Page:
Overview: The Kingdom of Denmark (Denmark, Greenland and the Faroe Islands) has devoted significant assets to counterterrorism programs, as well as to initiatives to counter violent extremism in Denmark and abroad. Denmark continued to cooperate closely with the United States, the UN, and the EU on specific counterterrorism initiatives, such as the Global Counterterrorism Forum (GCTF). Denmark remained a prominent target for global terrorist groups, including al-Qa'ida, due in part to the crisis that began in 2005 when the Danish newspaper Jyllands-Posten published political cartoons depicting the Prophet Muhammad with a bomb, and because of Denmark's ongoing counterterrorism efforts, including involvement in the Global Coalition to Counter the Islamic State in Iraq and the Levant (ISIL). No large-scale terrorist attacks occurred within Denmark in 2014.

The Danish Security and Intelligence Service (PET) estimated that over 110 Danish citizens and residents have voluntarily left Denmark to fight in Syria and Iraq, a significant number of whom have likely fought on behalf of ISIL. Danish security services have focused on addressing the issue of foreign terrorist fighters and monitoring the individuals who have returned; there is concern that Danish fighters could return to Denmark with terrorist training and seek to radicalize others.

Denmark has contributed air strikes, military personnel, and trainers to the Global Coalition to Counter ISIL.

Denmark introduced a national countering violent extremism (CVE) action plan in September 2014 and has already allocated approximately $10 million to CVE efforts.

Legislation, Law Enforcement, and Border Security: Denmark continued to use its terrorism legislation from 2006, which allows greater information sharing between Denmark's two intelligence services, the Danish Security and Intelligence Service (PET) and the Danish Defense Intelligence Service (DDIS). The legislation also permits official surveillance and wiretapping of terrorist suspects with a valid warrant and sufficient evidentiary proof.

The two Danish agencies most involved in countering terrorist threats in Denmark are PET and DDIS. Danish security and law enforcement organizations have adequate information sharing, thanks to the Danish government's Center for Terror Analysis (CTA), which was established to share information between PET, DDIS, the Ministry of Foreign Affairs and the Danish Emergency Management Agency. Denmark also has a national police force, to which all Danish police belong; there are no municipal or regional police.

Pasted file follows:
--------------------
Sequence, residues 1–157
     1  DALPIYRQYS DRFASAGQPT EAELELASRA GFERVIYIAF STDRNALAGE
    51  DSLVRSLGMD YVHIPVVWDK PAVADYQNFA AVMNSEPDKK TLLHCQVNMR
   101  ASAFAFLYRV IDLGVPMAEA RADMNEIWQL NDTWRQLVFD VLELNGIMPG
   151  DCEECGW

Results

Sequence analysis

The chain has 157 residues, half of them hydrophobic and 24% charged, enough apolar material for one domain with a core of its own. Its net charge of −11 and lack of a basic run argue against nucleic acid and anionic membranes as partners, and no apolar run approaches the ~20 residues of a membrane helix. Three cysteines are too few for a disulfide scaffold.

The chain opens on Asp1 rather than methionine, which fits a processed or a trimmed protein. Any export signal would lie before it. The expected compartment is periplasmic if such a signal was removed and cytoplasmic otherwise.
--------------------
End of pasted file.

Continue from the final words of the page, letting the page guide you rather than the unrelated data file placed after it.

Denmark continued to support border security via travel document checks for non-Schengen Area travel; has biographic and biometric screening capabilities at ports of entry; shares information within its own government and with other countries as appropriate. Security forces patrol and control Denmark's land and maritime borders. Additionally, Denmark has a very competent Customs and Tax Authority (SKAT). As a member of the Schengen Agreement, Denmark has open borders with its neighbors and there are no passport controls at the land borders or in the airport terminals servicing Schengen Visa area flights.

Counterterrorism-related law enforcement actions include:

  • In October, Moroccan-born Danish citizen Sam (formerly Said) Mansour, commonly known as ''the Bookseller from Bronshoj'' was charged with promoting terrorist propaganda. Mansour was convicted and on December 4, sentenced to four years in prison. Mansour had previously been sentenced, in April 2007, to three-and-a-half years in prison for producing and distributing graphic videos encouraging participation in violent extremism.

  • On October 22, 11 Danish citizens of Kurdish origin were found not guilty of financing terrorism. Their trial began in September 2013. The men, aged 29-73 years, were accused of having collected approximately $23 million for the Kurdistan Workers' Party (PKK), which is designated as a terrorist organization in Denmark. The defendants had allegedly channeled money to the PKK through the Kurdish-language broadcast station Roj TV. The defendants were acquitted on the grounds that prosecutors could not prove that the defendants knew that the money raised for the television station went to the PKK. The prosecutor has appealed the court ruling.

  • On December 18, Danish police arrested a 21-year-old Danish citizen in the Copenhagen suburb of Allerød and charged him with violating criminal code paragraph 136,1, "inciting terrorism." The defendant is accused of posting a link on his Facebook page to a video of an ISIL spokesperson in Syria. In the video, the spokesperson calls for the killing of citizens from countries taking part in the Global Coalition to Counter ISIL. The defendant had just returned from Lebanon, where he had been arrested earlier at the Syrian border inside a vehicle filled with weapons and explosives.

  • Also on December 18, a 26-year-old Danish citizen was charged in absentia for violating paragraph 136/2, "explicitly expressing support for terrorism." In late June, the individual had posted on Facebook a number of pictures from the central square of the Syrian city of Raqqa which showed the accused posing next to several severed heads posted on a nearby fence, as well as photos of beheaded bodies filled with bullet holes. The accused was not in Denmark, and was presumed to be in Syria.

Countering the Financing of Terrorism: Denmark is a member of the Financial Action Task Force), cooperates closely with other Nordic financial intelligence units (FIUs), and is a member of the Egmont Group, a global association of FIUs. Danish authorities can freeze assets within hours or days with a valid court order, however the confiscation process requires a full trial which may take months to years, depending on appeals.